Carlos Cruz-Diez had his first solo exhibition for 50 years in Belgium in 2019. This exhibition was an opportunity to live an immersive experience in color by discovering Labyrinthus. Here is an overview in which color perception is emphasized.
The place where the exhibition took place itself is worth a diversion. The Patinoire Royale magnificently renovated in 2015 by the interior designer Pierre Yovanovitch, is now occupied by the Valérie Bach Contemporary Art Gallery, a real private museum of Contemporary Art located in Saint-Gilles (Brussels)- private but nevertheless free of charge.
A walking experience
The Labyrinthus installation is deployed in the Grande Nef space, generously lit by daylight, a fundamental element in this walking experience. In this labyrinth, we lose ourselves more in contemplation than in space: transparent colored panels are assembled in constantly renewed geometrical compositions.
The kaleidoscopic colored shadows produced at the foot of the panels will also delight visitors.
The subtractive and additive theories of color are illustrated here in a way that is accessible to all: light filtering panels carry out the subtractive synthesis while shadows and reflections, by superimposing themselves, produce new colors in additive synthesis.
The chromatic experience in front of the exhibited paintings is lived by moving around them. For example, in the “Physichromies”, colored slats perpendicular to the plane of the painting, organized according to a studied rhythm, generate different color climates. Thus, when moving sideways, colored slats become visible or make different parts of the painting visible. All the physical and perceptive phenomena responsible for our colored vision are invited to this game of hide-and-seek. When the light comes directly from the plane of the painting, the color of the support is captured, but this can also be combined with the color produced by the reflection of the light on the perpendicular slat. Depending on the point of view, the color of the slat will be juxtaposed with another color causing a contrast that will alter the perception.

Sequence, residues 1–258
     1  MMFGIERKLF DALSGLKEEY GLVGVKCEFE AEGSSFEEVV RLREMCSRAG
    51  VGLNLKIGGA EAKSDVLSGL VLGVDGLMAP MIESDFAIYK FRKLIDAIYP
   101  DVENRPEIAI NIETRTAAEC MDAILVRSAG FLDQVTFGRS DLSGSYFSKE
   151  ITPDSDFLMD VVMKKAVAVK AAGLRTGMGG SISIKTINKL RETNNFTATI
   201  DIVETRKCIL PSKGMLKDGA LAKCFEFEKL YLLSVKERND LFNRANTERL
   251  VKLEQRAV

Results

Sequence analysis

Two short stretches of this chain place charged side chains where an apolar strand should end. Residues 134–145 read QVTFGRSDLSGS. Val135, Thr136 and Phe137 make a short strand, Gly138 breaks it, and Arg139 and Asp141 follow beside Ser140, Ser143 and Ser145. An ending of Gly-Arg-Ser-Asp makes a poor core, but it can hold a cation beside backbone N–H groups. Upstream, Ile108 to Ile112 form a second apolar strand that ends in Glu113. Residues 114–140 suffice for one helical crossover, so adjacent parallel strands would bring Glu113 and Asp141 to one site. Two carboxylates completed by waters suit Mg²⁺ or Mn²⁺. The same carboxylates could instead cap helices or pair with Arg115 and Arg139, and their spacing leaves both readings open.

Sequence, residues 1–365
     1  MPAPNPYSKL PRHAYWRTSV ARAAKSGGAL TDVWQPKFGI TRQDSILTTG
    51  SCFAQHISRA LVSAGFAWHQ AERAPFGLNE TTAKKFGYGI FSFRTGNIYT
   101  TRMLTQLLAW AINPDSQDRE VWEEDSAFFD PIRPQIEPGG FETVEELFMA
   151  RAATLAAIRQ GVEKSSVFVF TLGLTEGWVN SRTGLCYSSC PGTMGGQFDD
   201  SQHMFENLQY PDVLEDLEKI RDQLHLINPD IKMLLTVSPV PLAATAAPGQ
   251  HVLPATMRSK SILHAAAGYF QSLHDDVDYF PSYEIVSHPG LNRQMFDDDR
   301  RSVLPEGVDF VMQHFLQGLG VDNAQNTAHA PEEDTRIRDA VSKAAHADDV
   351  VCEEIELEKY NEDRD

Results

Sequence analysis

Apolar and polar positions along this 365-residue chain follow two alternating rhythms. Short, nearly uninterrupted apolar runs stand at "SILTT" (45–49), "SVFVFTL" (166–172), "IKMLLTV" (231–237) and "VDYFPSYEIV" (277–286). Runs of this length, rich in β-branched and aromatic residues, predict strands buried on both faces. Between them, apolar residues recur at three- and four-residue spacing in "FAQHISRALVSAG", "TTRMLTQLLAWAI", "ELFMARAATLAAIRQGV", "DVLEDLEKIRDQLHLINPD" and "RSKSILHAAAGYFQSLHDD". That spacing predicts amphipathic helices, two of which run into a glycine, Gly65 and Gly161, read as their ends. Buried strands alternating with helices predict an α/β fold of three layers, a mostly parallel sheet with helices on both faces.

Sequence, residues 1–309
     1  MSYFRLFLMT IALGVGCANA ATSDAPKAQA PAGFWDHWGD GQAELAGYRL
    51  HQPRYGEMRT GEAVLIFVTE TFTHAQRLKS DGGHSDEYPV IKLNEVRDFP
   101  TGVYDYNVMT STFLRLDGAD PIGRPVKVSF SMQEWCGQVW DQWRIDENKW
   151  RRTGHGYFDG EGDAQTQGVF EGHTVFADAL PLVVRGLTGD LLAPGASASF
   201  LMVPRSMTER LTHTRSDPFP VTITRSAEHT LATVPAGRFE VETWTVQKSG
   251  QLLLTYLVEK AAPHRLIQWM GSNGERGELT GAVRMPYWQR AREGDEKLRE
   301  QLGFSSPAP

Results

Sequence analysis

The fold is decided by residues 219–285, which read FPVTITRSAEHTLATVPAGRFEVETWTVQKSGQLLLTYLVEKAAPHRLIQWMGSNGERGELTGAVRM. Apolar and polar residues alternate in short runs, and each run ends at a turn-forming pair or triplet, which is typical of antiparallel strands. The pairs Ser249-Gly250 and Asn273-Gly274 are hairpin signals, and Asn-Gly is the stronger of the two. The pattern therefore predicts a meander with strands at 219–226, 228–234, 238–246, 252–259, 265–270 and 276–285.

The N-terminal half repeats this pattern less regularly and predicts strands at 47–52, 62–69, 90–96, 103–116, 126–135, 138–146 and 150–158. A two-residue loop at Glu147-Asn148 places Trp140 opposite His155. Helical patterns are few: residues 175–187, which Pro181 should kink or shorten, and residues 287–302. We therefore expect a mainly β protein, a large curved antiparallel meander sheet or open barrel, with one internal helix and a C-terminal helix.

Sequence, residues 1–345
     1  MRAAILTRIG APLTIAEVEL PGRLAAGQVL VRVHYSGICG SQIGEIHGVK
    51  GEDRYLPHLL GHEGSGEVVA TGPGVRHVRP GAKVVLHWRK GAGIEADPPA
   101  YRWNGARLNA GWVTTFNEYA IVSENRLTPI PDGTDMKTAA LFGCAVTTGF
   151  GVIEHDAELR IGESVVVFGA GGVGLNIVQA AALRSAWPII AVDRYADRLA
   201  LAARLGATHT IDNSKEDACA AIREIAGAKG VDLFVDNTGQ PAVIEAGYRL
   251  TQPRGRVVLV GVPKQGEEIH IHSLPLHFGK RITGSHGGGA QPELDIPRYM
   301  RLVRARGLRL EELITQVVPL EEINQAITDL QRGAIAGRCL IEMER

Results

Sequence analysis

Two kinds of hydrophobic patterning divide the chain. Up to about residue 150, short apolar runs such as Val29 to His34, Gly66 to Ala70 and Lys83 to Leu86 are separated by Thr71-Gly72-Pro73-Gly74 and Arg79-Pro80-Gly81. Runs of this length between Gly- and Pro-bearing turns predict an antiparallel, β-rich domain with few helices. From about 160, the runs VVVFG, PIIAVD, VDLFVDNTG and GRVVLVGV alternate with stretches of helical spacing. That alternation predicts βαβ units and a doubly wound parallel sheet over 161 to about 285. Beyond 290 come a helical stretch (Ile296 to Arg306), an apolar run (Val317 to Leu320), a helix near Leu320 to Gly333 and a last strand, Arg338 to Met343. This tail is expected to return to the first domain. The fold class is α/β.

A dynamic installation
Upstairs, Carlos Cruz-Diez proposes yet another ploy to take us on a journey through color; this time certain elements of the installation are set in motion while others remain fixed. Reflections of activities happening in front or behind are mixed with the work; a spectacle of dancing colored shadows is offered while observing the floor and the wall behind the installation.
The spectator in the trap of perception
Whether we are close or far from the artwork our perception varies. Far away, we encounter the color assimilation phenomenon, which tends to bring the constituent colors closer together. When the color of the picture plane varies, we are persuaded (wrongly) that the color next to it also differs. Moving around the work also exploits retinal persistence, a phenomenon that leads to the perception of the color complement to the one we have just been exposed to (remember this article). Here, this virtual color is combined with the viewer’s vision of the newly present color, a process skillfully elaborated by the artist. All physical and perceptive phenomena are coveted to make us perceive colors that are not present in the physical support of the work while generating a palette of affects that we do not master.
Reflections on color
Research on color is at the heart of the work of Carlos Cruz-Diez, one of the major players in optical and kinetic art. For the artist, color “highlights space, ambiguity, the ephemeral, while at the same time being a medium for myths and affects” (*). He offers us “an elementary vision devoid of per-established meanings”, in order to “awaken other mechanisms of sensitive apprehension, more subtle and complex than those imposed by the cultural conditioning and mass information of contemporary societies” (*).
The journey through this exhibition is an event that involves you, giving it the qualification of contemporary, because, according to Carlos Cruz Diez, far from a romantic conception of art, before any aesthetic consideration, the work must involve the participation of the spectator, and “a contemporary artist has no inspiration, he thinks”. (**)
(*) See the press release
(**) Cruz-Diez, Réflexion sur la couleur, Ecole nationale supérieure des Beaux-Arts, Paris, 2013